Sholem Aleichem: Laughing in the Darkness 12/02/09 3:06
Sholem Aleichem was born Sholem (or Solomon) Rabinovich, in 1859 in a small village, or shtetl, in the Ukraine. The Russian state restricted the rights of Jews, and whenever there was social unrest, they were scapegoated and attacked in murderous rampages known as pogroms. Rabinovich experienced poverty, which influenced his stories throughout his life, and although he briefly became rich through speculation and moved to the nearby big city of Kiev, he eventually went bankrupt and had to start all over. This was reflected in one of his great characters, Menachim Mendel, always with a foolish get-rich-quick-scheme, and always brought down to earth by his practical, abrasive, small-town wife.
The decision to write stories in Yiddish, and not in the traditional literary language of Hebrew, was a momentous one, inspiring an explosion of Yiddish literature in eastern Europe and around the world. He wrote under the name Sholem Aleichem, a Yiddish variant of the traditional Jewish greeting "God be with you," and he churned out stories for years at an astonishing rate of one or two a week, for the popular Yiddish press. The stories reflected the realities of everyday Jewish life confronted with the rapid changes of industrialization, economic and political upheaval, and the resulting mass emigrations to America and elsewhere.
Through interviews with quite a few very intelligent and perceptive scholars of Yiddish literature, along with Sholem Aleichem's granddaughter Bel Kaufman, a distinguished author in her own right, we learn about the difficult and often tragic changes that eastern European Jews endured, and how Sholem Aleichem dealt with these changes in his fiction. His most popular character, of course, was Tevye the milkman, whom we remember now as the hero of Fiddler on the Roof, the popular musical adaptation of Sholem Aleichem's work. The Tevye stories explore many vital issues, including the relationship with one's children and intermarriage with Gentiles. The humor of the stories, as we see, was not an escape from reality, but a very frank and honest engagement with it. The questions he posed, and his answers, were not always simple or reassuring.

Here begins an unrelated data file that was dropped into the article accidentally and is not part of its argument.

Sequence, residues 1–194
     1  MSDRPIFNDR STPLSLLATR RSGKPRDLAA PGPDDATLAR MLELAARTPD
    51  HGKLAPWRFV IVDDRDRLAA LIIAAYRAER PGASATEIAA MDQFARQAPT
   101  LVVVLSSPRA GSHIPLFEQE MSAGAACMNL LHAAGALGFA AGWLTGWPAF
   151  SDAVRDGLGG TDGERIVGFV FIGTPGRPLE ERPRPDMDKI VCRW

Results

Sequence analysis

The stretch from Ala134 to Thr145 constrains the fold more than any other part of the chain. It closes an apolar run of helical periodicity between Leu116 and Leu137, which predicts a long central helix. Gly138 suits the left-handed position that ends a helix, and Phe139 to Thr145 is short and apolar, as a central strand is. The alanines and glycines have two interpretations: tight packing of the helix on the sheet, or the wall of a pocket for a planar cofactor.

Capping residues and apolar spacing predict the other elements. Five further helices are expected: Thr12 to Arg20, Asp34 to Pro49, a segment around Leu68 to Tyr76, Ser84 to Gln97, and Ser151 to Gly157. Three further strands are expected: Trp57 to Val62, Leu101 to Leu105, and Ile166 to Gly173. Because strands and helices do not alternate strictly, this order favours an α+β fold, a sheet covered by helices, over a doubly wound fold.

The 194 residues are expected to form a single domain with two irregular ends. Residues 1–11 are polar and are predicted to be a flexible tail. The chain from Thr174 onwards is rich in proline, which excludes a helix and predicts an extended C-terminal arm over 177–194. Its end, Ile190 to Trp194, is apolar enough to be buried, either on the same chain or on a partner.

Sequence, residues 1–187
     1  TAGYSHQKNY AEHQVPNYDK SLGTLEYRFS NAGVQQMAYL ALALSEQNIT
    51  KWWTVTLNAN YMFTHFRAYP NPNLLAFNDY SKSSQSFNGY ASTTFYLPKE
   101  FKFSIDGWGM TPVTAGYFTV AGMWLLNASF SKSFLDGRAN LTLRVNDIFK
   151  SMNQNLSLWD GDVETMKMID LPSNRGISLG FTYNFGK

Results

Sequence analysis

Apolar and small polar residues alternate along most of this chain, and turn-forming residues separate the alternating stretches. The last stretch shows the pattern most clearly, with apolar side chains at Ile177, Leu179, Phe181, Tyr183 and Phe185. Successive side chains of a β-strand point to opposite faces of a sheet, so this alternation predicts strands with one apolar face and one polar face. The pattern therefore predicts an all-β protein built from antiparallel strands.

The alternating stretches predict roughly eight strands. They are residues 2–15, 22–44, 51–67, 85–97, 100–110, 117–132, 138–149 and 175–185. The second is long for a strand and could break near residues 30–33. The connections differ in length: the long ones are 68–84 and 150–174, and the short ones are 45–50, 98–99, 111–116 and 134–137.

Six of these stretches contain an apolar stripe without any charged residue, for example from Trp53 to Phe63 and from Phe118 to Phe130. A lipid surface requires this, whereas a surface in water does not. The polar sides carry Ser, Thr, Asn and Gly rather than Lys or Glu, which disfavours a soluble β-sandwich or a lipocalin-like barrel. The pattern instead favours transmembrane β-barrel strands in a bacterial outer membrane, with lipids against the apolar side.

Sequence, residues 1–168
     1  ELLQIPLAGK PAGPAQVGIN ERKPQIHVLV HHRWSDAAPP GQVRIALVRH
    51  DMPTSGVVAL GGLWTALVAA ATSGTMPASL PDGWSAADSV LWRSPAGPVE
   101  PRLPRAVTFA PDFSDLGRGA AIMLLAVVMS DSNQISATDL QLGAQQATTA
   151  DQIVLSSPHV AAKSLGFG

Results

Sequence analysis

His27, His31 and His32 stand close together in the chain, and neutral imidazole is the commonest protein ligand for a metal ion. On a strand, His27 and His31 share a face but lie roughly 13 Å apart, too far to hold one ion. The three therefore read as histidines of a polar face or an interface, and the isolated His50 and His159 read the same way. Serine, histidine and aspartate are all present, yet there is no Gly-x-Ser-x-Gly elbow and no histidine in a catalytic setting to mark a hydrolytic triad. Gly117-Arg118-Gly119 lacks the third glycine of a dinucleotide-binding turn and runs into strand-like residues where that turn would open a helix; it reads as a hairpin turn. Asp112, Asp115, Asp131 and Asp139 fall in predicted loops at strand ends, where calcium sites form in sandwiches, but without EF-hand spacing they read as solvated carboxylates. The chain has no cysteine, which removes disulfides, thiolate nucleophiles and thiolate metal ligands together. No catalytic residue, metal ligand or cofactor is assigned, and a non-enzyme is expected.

The film features a very rich tapestry of photographs from Sholem Aleichem's life and family, but also from eastern European Jewish life in general. There are also amazing glimpses of the vanished world of the shtetl in early motion pictures. When Sholem Aleichem died in 1916, after having emigrated to New York, 200 thousand people paid their respects at his funeral. This documentary makes you understand why.